It’s such a simple concept, but up until this book released, I did not know of one that matched my own views on nutrition (and dove into the concepts head first).

Which, for the record, I spent an enormous amount of time cultivating by sifting through all the quackery on the Internet – at my own peril. For the record, this book is a beacon for sound information on nutrition – yet unfortunately still a needle in a hay stack for the lay reader browsing around at a book store.

If anything I believe Mark should have spent additional time on this section – especially on the topics of saturated fat, cholesterol, and heart disease. But, that’s probably my own bias speaking, they are covered well, very well.

If you are new to eating in accordance with our evolution, do yourself a favor and read this chapter 2, or 3 times over.

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The last point made in the chapter really hit home for me personally. Eating foods outside of our natural food matrix… Basically over time I’ve been less and less inclined to eat grains, beans, and so on. I thought it was all in my head, but the (negative) effects of eating those foods are very real at this point for me, and it’s interesting at the very least to hear this experience in the voice of another.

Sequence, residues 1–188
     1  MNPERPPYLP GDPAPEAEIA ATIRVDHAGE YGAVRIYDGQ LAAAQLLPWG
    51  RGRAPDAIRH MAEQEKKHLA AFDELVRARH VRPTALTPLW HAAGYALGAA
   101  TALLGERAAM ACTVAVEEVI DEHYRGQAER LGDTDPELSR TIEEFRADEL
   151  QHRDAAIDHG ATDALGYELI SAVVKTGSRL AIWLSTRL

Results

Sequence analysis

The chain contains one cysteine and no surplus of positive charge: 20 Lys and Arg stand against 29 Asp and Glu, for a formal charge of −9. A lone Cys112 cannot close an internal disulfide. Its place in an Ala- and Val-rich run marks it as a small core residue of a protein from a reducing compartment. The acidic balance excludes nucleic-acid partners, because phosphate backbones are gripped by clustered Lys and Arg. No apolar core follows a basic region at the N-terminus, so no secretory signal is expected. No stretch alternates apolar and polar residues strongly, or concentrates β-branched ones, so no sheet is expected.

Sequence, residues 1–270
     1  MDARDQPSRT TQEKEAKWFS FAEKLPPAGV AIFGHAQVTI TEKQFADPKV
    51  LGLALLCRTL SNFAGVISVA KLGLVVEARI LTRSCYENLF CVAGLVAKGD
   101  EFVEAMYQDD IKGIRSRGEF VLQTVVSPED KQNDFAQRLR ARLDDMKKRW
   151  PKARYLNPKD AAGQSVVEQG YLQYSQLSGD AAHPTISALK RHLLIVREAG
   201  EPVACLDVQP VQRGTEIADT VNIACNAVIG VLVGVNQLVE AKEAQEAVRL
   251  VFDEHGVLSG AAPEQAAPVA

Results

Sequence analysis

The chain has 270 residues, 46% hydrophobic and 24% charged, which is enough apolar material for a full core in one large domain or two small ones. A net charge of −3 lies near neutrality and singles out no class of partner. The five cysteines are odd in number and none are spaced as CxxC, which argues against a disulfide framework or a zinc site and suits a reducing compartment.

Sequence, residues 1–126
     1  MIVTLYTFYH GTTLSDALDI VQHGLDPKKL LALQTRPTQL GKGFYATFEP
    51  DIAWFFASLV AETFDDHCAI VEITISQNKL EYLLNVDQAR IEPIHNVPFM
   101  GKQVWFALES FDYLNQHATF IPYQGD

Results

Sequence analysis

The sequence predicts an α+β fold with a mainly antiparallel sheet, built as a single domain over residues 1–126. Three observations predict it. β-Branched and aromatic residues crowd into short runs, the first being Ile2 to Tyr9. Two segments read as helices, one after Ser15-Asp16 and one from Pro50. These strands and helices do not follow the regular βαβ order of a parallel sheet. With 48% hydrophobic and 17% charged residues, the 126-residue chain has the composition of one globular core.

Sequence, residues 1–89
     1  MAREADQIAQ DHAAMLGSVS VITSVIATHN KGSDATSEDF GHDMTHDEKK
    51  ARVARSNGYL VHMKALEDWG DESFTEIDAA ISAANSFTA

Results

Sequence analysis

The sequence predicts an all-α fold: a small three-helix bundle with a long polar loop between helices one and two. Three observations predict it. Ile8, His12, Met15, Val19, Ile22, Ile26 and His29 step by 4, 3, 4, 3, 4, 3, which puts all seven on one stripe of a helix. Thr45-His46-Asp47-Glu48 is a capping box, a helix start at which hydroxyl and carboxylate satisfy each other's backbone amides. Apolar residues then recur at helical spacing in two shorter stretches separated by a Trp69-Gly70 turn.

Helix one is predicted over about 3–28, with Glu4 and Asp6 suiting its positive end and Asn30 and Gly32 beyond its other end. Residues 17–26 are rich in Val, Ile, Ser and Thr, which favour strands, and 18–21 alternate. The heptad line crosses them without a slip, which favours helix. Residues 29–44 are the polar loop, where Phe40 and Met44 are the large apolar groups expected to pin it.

Sounds hard to believe, but it’s true. The longer you eat properly, the less you want to eat crappy food – because it makes you feel just that way, crappy.

Chapter 4: Law #1 – Eat Lots of Plants and Animals (Insects Optional)

Ha, probably should have mentioned by now that Mark has a sense of humor and that this is NOT a textbook read – it’s professional, yet enjoyable and even comical at times. Perhaps that’s even one of it’s strongest aspects – since what good is great knowledge if the communication of it is sub par?

In this chapter, Mark get’s a bit more specific with eating habits and choices. The vast, vast majority I agree with. A few details here and there I’m not exactly in agreement with, but overall, another excellent portion of the book.

If anything, I think more emphasis should have been placed on nuts/seeds, and a tad less on fruits and veggies. But hey, that’s me, and the difference for most people would be negligible.

Also, I’m a (bit) more “anti-pill” than Mark, and as a result I’m not totally in agreement with the supplements section. Again though, it’s a small difference, and that particular section is still a great read.

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June 15, 2010